Establishing a Community of Practice to Enhance Training & Technical Assistance



Welcome to the e-learning lesson on Establishing a Community of Practice to Enhance Training and Technical Assistance. A community of practice, or COP, is a group of people who share a common concern, set of problems, or passion about a topic and who meet regularly to deepen their knowledge and expertise in this area. COPs are known by many other names, including: peer networks, learning circles, action teams, councils. This e-learning lesson provides guidance on how to incorporate a COP into your training and technical assistance program for the organizations you serve. At the end of this lesson, you will be able to: recall different methods for forming COPs, identify activities to help COPs define their work and structure, recognize methods for managing COPs, identify ways to help communities of practice outlive your training and technical assistance program.

Establish communities of practice to enhance your TTA.

One of the best ways to reinforce and expand the training and technical assistance (TTA) you provide to community-based organizations is to incorporate a community of practice (COP) into your TTA work. Through participation in a community of practice, people with common interests, concerns, and organizational issues will have an opportunity to continue learning with and from each other.

This, in turn, can lead to enhancements in their organizations’ knowledge base, problem-solving, and service delivery. This e-learning lesson focuses on approaches to get COPs underway, methods to help them clarify their goals and operating structure, strategies for managing COPs, and ways to help them continue on their own after your TTA program ends.

COPs offer opportunities for peer support and learning.

Incorporating a COP into your TTA practice amplifies the investment you’re already making.  As trainers and technical assistance providers already know, adult learners absorb more when new practices are introduced and reinforced through varying teaching methods and through corroboration from respected peers.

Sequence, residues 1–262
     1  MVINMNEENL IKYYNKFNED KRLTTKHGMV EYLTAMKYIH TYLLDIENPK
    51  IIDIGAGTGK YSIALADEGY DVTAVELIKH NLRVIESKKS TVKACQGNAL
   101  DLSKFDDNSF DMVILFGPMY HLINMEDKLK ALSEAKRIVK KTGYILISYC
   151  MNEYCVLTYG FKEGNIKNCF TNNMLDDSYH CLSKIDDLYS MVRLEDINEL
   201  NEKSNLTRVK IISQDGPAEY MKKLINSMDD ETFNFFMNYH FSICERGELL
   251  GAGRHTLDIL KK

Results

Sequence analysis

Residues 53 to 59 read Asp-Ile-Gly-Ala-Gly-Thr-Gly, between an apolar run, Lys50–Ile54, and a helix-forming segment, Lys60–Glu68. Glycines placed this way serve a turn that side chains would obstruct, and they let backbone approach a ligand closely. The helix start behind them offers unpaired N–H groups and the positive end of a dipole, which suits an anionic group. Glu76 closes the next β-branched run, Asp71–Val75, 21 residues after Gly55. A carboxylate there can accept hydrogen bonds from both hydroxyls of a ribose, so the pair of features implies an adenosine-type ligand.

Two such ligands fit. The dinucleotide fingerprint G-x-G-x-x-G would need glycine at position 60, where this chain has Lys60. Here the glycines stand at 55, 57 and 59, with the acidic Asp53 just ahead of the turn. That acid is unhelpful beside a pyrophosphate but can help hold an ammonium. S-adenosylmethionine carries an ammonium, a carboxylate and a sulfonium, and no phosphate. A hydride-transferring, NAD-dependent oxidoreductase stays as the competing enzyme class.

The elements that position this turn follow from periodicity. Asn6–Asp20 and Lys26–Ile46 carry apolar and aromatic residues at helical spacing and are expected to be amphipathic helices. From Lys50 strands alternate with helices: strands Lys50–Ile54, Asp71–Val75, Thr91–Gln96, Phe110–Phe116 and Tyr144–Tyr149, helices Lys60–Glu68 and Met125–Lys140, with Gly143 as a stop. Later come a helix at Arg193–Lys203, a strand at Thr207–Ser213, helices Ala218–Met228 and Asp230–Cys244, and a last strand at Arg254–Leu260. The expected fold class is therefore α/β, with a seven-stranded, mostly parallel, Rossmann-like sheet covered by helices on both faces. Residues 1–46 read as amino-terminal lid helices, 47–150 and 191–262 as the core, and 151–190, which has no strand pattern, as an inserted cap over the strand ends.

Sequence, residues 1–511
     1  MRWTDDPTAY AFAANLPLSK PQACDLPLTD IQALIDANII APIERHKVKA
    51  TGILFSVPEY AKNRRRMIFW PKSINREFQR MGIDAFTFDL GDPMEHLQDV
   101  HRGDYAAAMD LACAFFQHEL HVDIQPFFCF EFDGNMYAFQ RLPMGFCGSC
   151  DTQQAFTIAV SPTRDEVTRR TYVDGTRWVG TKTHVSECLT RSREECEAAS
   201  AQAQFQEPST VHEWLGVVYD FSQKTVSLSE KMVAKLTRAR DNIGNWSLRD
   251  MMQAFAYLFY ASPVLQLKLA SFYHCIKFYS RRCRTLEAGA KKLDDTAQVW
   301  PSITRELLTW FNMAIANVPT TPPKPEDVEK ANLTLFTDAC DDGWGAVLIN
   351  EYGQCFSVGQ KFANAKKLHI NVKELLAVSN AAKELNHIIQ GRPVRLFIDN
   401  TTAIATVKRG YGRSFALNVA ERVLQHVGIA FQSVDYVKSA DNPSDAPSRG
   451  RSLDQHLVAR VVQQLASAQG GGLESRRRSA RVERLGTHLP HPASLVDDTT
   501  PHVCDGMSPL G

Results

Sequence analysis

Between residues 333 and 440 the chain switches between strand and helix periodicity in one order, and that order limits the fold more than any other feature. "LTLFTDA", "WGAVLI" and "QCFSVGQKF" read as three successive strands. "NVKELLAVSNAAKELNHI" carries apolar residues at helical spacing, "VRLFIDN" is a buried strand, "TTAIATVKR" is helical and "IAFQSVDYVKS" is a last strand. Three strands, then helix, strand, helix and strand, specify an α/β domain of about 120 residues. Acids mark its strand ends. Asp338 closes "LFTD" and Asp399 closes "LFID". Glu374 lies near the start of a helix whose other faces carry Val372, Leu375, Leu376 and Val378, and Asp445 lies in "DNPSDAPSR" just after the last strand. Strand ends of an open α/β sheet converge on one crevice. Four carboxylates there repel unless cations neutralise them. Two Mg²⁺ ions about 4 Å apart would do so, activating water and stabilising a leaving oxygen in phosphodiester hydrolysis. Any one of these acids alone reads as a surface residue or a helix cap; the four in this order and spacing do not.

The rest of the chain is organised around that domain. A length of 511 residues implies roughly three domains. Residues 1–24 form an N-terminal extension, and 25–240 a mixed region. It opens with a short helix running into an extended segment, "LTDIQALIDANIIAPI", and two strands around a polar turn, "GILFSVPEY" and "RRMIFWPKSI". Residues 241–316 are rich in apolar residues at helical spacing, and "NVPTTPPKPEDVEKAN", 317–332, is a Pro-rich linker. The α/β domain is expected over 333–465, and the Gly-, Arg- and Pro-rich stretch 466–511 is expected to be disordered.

COPs create opportunities for:

CHAPTER 1: Forming a COP

Being part of a community of practice requires people to invest considerable time and effort, and it is best when membership is voluntary. If you hope to form a COP, it helps to anticipate the kinds of questions and concerns that people might have. For example, what information will people want before agreeing to participate? How can you reassure them that COP work could be more valuable than what they can do on their own? What will convince them that their time and effort will be well spent? What positive experiences can they anticipate that might influence them to take part? What past experiences might people need to let go of in order to embrace this new experience? These are the kinds of questions that need to be answered before people can fully engage in a new COP. Then to build buy-in and enthusiasm for participation in a COP, consider facilitating activities that help each participant recognize common organizational needs among COP members and learn about valuable experience and expertise within the COP.

There are several different approaches to forming COP groups.

In today’s TTA environment, activities occur both in person and virtually. When launching a COP, it’s highly recommended that the activities take place in person.  Typically, in-person launches take place at training events. They could be held on one evening of a training series, at a conference, or at an orientation.  But keep in mind that launches can work virtually as well.

When forming a COP among your TTA participants, first consider whether you will pre-assign groups or allow for self-selection. Pre-assigning works well when the COP is highly integrated into other elements of your TTA program.  This may be the case in the following situations:

If pre-assigning, remember that you will need to do more work to create buy-in about who is in the group and why the group has been formed.

Self-assigning is a great way to get participants to buy into the COP from the very beginning.  Time can be dedicated at a training event or conference for participants to form their own groups based on criteria that they have some part in creating. 

Here are some in-person activities for self-assigning groups.

Some possible activities for self-assigning at an in-person event include:

Here are some virtual activities for self-assigning groups.

Some possible virtual activities for self-assigning include:

CHAPTER 2: Identifying Needs and Expertise

Even after a COP has been formed, members will need to further explore common organizational needs and the range of expertise available within the group. This information can be surfaced at an in-person event or through virtual activities, such as teleconferencing or online work. For example, during a meeting, small groups can identify and prioritize their organizations’ needs and then discuss how the COP can tackle these issues. On the other hand, a needs assessment can be conducted through online polling technology. And members can learn about their collective experience by conducting “appreciative” interviews in which pairs explore each other’s knowledge and talents. Whatever methods you chose to help members uncover their needs and expertise, this information helps people recognize the value and gains that may result from their participation in the community of practice.

These in-person activities can help a COP explore needs and expertise.

Here are some possible activities you can use at an in-person session to help members explore their organizational needs and expertise.